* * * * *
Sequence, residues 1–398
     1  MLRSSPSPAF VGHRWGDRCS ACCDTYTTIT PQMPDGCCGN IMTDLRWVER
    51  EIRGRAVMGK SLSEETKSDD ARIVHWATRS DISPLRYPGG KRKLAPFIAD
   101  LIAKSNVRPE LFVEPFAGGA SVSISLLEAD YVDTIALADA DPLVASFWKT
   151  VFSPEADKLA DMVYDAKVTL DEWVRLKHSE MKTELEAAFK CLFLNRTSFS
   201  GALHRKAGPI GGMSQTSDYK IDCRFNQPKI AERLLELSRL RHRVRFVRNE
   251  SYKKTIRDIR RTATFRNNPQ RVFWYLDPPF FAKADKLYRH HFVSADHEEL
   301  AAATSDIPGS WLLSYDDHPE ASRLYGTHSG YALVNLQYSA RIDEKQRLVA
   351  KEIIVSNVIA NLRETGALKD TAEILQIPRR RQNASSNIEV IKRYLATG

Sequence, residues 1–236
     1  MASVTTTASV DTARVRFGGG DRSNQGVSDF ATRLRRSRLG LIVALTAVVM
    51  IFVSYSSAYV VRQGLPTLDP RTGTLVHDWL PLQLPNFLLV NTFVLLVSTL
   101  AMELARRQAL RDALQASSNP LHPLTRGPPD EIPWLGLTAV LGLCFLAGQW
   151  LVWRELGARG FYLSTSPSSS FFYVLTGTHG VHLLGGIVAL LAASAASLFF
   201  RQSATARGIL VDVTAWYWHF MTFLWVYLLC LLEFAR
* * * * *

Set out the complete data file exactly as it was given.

Sequence, residues 1–398
     1  MLRSSPSPAF VGHRWGDRCS ACCDTYTTIT PQMPDGCCGN IMTDLRWVER
    51  EIRGRAVMGK SLSEETKSDD ARIVHWATRS DISPLRYPGG KRKLAPFIAD
   101  LIAKSNVRPE LFVEPFAGGA SVSISLLEAD YVDTIALADA DPLVASFWKT
   151  VFSPEADKLA DMVYDAKVTL DEWVRLKHSE MKTELEAAFK CLFLNRTSFS
   201  GALHRKAGPI GGMSQTSDYK IDCRFNQPKI AERLLELSRL RHRVRFVRNE
   251  SYKKTIRDIR RTATFRNNPQ RVFWYLDPPF FAKADKLYRH HFVSADHEEL
   301  AAATSDIPGS WLLSYDDHPE ASRLYGTHSG YALVNLQYSA RIDEKQRLVA
   351  KEIIVSNVIA NLRETGALKD TAEILQIPRR RQNASSNIEV IKRYLATG

Sequence, residues 1–236
     1  MASVTTTASV DTARVRFGGG DRSNQGVSDF ATRLRRSRLG LIVALTAVVM
    51  IFVSYSSAYV VRQGLPTLDP RTGTLVHDWL PLQLPNFLLV NTFVLLVSTL
   101  AMELARRQAL RDALQASSNP LHPLTRGPPD EIPWLGLTAV LGLCFLAGQW
   151  LVWRELGARG FYLSTSPSSS FFYVLTGTHG VHLLGGIVAL LAASAASLFF
   201  RQSATARGIL VDVTAWYWHF MTFLWVYLLC LLEFAR